All measurements were performed in order to ensure objectivity in blind conditions, by two observers (unaware of the experimental groups) for all experimental groups and methods, carrying out the measures of control and experimental samples of each segment of the gut under the same conditions. For the quantitative analyses of PAS positive and Alcian Blue positive GCs, we used five sections from both gut segments in all animals’ groups. All measurements were done using magnification 200x. For quantitative and qualitative analyses of histo chemical and histological methods for detection of mucin in GCs, light microscope OLYMPUS BX50 with a digital camera OLYMPUS SP350 (Olympus; Tokyo, Japan) and Quick PHOTO Industrial 2.3 image analyser software (Promicra; Prague, Czech Republic) were used. The statistical analysis was performed in GraphPad InStat ver. 3.10 for Windows (GraphPad Software Inc., San Diego, CA, USA). Quantitative evaluation of studied markers is expressed as mean ± SEM (standard error of the mean). The significance of the differences between experimental groups was analysed using one-way analysis of variance ANOVA test followed by a Tukey-Kramer multiple comparison test. The value of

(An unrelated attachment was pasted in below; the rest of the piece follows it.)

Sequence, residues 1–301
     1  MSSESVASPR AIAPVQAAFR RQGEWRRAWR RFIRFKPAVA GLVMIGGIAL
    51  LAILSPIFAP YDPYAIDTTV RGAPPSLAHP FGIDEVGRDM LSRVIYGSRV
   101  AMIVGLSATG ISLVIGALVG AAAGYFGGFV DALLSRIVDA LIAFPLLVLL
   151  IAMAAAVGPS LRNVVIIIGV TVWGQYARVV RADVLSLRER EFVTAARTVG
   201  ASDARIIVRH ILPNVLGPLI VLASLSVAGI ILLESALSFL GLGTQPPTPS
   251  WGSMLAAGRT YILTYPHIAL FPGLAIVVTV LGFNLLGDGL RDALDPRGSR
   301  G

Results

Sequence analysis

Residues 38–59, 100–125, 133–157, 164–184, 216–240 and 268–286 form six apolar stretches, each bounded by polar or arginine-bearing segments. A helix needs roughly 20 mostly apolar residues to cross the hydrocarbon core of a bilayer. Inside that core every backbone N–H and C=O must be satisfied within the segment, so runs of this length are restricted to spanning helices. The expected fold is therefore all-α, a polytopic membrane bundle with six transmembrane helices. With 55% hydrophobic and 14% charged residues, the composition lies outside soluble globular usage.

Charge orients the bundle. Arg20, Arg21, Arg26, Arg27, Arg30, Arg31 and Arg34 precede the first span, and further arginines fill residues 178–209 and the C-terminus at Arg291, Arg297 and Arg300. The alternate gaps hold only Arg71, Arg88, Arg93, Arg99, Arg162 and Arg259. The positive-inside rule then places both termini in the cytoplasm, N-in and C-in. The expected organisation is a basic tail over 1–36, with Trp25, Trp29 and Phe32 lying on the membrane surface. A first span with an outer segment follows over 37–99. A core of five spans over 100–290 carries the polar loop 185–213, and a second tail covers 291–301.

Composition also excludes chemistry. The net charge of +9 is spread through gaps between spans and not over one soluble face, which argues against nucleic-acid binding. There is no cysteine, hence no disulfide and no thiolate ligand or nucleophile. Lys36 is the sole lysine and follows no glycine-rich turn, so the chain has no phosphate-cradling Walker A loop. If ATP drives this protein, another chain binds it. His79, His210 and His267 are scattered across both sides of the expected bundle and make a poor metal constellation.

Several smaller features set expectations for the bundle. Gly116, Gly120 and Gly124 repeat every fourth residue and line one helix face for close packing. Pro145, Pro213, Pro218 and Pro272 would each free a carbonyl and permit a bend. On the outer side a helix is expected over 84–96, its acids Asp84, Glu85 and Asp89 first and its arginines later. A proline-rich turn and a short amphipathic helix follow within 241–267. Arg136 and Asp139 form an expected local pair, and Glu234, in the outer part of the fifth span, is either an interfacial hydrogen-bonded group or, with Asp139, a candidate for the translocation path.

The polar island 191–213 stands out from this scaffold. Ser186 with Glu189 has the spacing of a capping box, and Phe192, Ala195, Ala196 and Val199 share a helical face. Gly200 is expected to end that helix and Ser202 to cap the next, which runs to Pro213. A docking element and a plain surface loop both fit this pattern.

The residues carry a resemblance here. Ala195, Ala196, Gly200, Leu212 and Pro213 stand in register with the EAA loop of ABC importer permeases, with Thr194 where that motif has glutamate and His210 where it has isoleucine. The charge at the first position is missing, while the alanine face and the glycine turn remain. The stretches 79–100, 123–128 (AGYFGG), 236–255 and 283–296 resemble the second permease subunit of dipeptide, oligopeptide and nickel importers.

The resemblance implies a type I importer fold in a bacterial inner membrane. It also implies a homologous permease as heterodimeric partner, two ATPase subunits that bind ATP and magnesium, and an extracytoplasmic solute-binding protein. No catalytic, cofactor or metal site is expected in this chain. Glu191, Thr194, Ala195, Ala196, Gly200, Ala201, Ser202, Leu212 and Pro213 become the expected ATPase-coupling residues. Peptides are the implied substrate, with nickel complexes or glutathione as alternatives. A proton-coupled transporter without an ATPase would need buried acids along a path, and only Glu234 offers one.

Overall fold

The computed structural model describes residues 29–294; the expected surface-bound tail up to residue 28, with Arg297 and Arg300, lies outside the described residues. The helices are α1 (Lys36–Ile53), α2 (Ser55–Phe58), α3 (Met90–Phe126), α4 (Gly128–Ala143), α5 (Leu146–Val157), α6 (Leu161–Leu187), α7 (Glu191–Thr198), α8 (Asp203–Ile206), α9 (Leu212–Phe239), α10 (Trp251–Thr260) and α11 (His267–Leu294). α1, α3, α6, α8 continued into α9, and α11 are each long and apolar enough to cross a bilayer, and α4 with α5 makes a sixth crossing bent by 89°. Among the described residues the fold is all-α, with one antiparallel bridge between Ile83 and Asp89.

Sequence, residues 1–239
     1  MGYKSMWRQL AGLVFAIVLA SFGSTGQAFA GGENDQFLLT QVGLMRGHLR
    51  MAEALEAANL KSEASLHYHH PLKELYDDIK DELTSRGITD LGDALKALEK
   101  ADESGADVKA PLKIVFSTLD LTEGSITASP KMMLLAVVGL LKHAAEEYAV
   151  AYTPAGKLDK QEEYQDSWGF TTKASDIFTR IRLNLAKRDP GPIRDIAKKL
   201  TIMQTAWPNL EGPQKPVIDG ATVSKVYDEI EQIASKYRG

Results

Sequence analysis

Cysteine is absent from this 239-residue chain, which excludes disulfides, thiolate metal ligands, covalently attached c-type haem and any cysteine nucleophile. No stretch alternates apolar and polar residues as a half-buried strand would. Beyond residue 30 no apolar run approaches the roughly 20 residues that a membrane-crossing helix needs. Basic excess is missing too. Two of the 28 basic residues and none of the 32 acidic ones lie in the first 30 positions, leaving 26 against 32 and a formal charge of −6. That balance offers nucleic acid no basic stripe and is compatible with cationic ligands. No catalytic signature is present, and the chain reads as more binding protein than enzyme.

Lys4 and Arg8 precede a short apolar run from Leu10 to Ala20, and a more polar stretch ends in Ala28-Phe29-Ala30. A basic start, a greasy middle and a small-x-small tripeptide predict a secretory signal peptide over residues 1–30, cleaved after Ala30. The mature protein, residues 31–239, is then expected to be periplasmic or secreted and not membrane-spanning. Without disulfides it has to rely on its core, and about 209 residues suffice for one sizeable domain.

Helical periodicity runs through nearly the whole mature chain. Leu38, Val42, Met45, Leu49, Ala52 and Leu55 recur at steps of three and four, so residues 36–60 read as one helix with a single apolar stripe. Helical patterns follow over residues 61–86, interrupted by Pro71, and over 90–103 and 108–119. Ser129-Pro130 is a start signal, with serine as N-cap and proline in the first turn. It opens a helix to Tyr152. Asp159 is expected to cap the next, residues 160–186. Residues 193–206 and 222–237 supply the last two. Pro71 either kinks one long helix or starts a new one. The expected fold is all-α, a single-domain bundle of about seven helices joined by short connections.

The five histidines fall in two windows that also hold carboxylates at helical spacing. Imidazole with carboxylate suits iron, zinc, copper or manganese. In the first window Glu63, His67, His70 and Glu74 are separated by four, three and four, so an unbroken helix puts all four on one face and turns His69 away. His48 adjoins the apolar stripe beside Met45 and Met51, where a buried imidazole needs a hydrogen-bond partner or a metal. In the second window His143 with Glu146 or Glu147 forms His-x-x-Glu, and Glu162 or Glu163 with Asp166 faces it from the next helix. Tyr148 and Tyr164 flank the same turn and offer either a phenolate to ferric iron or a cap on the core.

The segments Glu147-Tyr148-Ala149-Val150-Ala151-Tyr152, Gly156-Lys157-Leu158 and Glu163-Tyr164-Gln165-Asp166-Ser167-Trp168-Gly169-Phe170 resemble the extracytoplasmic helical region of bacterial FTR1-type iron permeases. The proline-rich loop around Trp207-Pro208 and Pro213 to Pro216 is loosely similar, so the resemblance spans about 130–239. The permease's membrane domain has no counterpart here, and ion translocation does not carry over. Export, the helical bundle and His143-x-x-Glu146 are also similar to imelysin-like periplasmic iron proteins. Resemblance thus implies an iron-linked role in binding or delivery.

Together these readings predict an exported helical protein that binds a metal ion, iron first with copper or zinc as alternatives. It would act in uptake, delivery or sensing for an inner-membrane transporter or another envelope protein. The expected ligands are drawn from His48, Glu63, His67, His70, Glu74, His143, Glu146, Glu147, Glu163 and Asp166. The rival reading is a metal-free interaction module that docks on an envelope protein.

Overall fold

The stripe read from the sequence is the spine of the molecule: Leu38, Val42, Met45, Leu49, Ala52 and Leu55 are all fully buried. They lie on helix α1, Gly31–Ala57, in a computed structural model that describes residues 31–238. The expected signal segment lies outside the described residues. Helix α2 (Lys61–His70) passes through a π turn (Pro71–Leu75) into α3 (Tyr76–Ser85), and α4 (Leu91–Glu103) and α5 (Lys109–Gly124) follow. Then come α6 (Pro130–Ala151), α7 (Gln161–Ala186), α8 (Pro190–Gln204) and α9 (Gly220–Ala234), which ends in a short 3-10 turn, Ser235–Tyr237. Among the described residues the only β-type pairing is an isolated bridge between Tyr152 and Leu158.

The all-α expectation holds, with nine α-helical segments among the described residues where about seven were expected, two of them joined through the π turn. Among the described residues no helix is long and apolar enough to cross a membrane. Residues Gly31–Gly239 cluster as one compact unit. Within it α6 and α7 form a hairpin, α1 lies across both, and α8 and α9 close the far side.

Mucins possess potential binding sites for both commensal and pathogenic organisms and may perform a defensive role during establishment of the intestinal barrier. In this study, the effects on intestinal GCs mucin production in the gut of HC piglets and ECK piglets were examined. Numbers of GCs containing total acidic mucins in both, the jejunum and colon, differed significantly between HC and ECK piglets (Fig. 1).
In the epithelium of jejunum of ECK piglets, the epithelial lining exhibited a marked decrease in number of GCs which produced acidic mucins (***indicates the values differ significantly from the jejunum of HC piglets at
Number of PAS positive GCs (detection of neutral mucins in goblet cells) in the HC piglets was significantly different in comparison to the number of PAS positive cells in the ECK piglets (Fig. 3).